As fire bombs fly in Wadi Ara, missiles into Beersheba, and rocks in and around Jerusalem, Prime Minister Binyamin Netanyahu has said little, while two key member of his security cabinet have said a lot.
That’s not the way things ought to be.
The nation is jittery, wondering where this is all going, and – first and foremost – what the government is going to do.
What is it going to do to bring back a semblance of normalcy to the South? What is it doing to prevent the spread of rioting in the Israeli- Arab sector? What is it doing to contain the current flames and keep them from spreading into a wild brush fire? Yet all we hear from the prime minister is that the government is acting with “determination” and “restraint” and “composure” and “responsibility.”
Even if all that is true, more – much more – information is needed for the public to be able to judge.
A nervous nation is lifting its eyes to its leaders – primarily the prime minister – for some kind of reassurance, some kind of direction. But all it is receiving in return are platitudes issued to the press after yet another security cabinet meeting or “high level” security deliberation that end – in the best scenario – with an anemic statement to the press that says nothing.
Even if operational plans, obviously, can’t be revealed, there is a place for Netanyahu to speak to the country, to reassure the country, to give some kind of direction. He did say something Sunday night about the murder of Muhammad Abu Khdeir, unequivocally denouncing it as a heinous crime and saying the murderers have no place in Israeli society. But he said little about the overall feeling of crisis gripping the country.
Ironically, those speaking are those who, considering their positions, really shouldn’t be.
Both Economy Minister Naftali Bennett and Foreign Minister Avigdor Liberman have over the last few days slammed the government for what they view as its tepid response, and for not acting with more might and force inside Gaza.
Legitimate positions, obviously.
But what makes it all rather absurd is that these two men not only sit round the cabinet table, but also the inner security-cabinet table of eight ministers.
If Bennett really feels – and is not just saying for political reasons – that the IDF should slam Gaza, then let him fight for that position inside the security cabinet and convince it of the wisdom of his thinking.
He is not a back-bench opposition MK, but a member of the forum that is actually determining Israel’s reaction to Hamas.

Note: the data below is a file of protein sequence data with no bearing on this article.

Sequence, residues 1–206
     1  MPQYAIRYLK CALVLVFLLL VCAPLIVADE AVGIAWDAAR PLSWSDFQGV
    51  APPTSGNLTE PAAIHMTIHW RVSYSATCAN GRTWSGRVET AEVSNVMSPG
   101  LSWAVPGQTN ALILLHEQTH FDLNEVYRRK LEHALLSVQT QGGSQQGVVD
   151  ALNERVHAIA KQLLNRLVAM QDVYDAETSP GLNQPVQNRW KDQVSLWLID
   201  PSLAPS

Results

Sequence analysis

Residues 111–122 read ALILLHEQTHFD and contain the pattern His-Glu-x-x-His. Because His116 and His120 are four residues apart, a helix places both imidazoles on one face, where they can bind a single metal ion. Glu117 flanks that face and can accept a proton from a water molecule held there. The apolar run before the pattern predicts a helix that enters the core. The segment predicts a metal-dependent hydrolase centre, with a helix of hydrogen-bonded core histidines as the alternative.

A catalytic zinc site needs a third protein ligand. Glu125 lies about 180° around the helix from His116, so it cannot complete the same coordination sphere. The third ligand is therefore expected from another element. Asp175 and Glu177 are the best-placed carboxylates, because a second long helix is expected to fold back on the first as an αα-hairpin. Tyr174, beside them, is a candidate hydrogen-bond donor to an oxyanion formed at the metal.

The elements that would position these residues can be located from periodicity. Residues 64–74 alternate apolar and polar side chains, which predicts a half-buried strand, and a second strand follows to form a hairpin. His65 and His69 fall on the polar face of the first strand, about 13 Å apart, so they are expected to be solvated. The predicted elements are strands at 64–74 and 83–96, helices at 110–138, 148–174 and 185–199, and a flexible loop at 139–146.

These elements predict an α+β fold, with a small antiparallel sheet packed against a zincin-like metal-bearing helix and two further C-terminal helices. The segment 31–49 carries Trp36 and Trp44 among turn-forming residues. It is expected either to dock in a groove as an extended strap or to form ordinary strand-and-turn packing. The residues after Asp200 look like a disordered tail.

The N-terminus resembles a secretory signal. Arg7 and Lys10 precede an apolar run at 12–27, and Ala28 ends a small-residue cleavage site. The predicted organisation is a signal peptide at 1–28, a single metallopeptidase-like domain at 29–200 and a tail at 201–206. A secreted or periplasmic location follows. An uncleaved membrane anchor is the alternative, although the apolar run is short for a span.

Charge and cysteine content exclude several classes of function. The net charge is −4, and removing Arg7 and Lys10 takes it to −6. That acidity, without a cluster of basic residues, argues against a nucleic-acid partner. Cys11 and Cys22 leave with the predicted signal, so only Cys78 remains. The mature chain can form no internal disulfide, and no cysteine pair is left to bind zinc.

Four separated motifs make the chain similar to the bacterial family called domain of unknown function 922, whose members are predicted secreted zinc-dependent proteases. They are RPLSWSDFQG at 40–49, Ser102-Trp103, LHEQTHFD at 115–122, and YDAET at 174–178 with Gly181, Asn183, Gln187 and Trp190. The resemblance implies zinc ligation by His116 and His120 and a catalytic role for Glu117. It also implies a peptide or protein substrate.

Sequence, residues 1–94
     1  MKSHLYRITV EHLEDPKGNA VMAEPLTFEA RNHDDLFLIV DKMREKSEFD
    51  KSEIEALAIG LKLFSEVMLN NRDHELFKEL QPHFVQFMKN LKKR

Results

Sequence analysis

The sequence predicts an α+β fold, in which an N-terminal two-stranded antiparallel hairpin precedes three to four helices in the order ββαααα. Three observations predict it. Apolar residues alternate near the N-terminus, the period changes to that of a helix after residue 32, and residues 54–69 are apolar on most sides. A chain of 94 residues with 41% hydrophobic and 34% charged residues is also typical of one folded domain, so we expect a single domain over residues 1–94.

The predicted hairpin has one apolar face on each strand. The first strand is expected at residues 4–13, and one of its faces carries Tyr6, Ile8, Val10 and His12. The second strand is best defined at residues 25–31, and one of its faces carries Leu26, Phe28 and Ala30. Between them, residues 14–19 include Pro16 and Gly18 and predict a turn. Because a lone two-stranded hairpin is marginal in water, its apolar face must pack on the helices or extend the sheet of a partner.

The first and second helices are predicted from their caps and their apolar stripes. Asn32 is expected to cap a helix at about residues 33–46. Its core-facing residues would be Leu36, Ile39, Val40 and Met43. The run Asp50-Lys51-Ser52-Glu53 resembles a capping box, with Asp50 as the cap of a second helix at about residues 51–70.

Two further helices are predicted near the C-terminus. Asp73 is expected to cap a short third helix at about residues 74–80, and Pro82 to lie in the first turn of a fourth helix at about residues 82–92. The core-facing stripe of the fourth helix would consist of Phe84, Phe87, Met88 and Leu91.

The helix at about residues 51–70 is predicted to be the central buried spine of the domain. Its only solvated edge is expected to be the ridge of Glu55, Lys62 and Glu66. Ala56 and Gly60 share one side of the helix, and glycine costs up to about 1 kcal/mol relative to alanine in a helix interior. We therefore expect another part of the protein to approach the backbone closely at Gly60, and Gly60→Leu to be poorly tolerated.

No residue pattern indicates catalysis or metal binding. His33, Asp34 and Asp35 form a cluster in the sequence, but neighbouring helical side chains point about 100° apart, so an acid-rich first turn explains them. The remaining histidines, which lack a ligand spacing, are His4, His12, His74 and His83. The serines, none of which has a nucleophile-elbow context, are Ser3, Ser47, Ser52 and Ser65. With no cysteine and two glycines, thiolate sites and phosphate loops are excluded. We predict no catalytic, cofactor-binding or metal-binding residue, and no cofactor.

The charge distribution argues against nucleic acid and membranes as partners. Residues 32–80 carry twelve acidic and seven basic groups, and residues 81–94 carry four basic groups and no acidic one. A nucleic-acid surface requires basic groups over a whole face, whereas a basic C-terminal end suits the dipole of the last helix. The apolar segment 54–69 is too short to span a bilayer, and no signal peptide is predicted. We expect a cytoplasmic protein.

“The strategy of ‘quiet will be met with quiet’ harms Israeli deterrence and allows Hamas to gain more strength for the next round,” he said over the weekend. “Showing restraint in the face of the execution of three children [Fraenkel, Shaer and Yifrah] is weakness.”
But, Mr. Bennett, you are in the government making those decisions. Convince your co-ministers, don’t play to the bleachers.
The same is true of Liberman.
On Friday, Liberman made a high-profile visit to Sderot where he said that “after the kidnapping and murder of three teenagers and two consecutive weeks of rocket attacks, Israel’s approach is still that quiet will be answered with quiet.”
Instead of dealing with the problem, he said, it is being postponed. “If it does not blow up sooner, it will blow up later with much more noise,” he said, adding that Israel could not accept a reality in which Hamas controls what happens while Israel continues to respond after the fact.
One could be mistaken for thinking with these words that Liberman was not the country’s foreign minister, one of the senior positions in the government, but a media commentator or back-bench MK. His statements in Sderot followed similar calls he made one day earlier in the week to conquer Gaza, and then a few days later to launch Operation Defensive Shield 2 inside the Strip.
But if he really believes that, then he is as well positioned as anyone in the country to push for it. Liberman, it seems, prefers instead issuing statements. He makes headline grabbing comments that — often — seem bereft of any substance, any real “teeth.”
Back in February, at the height of concern that the country was about to be flooded by BDS (boycott, divestment and sanctions) actions, he spoke to reporters and said Israel’s strategy for fighting BDS would be made clear to the public within a month and a half, hinting that there was a plan. Months later, no such plan ever emerged.
In June, he made front-page headlines by alerting the press that a meeting would be held in the Foreign Ministry to discuss whether to expel UN envoy Robert Serry, for his chronic imbalance regarding the Israeli- Palestinian conflict and for allegedly trying to channel Qatari money to Hamas through the UN.
The meeting was held, but no decision was made. Afterward, there were government officials who wondered aloud whether there was ever any real intention to expel Serry, or whether the plan from the beginning was just to send a harsh message by announcing, and then holding, a “senior meeting” in the Foreign Ministry.
Before Sunday’s cabinet meeting, another member of the security cabinet, Finance Minister Yair Lapid, had some advice for his co-ministers: speak like ministers in the government formulating policy, not “talkbackers” on the Internet.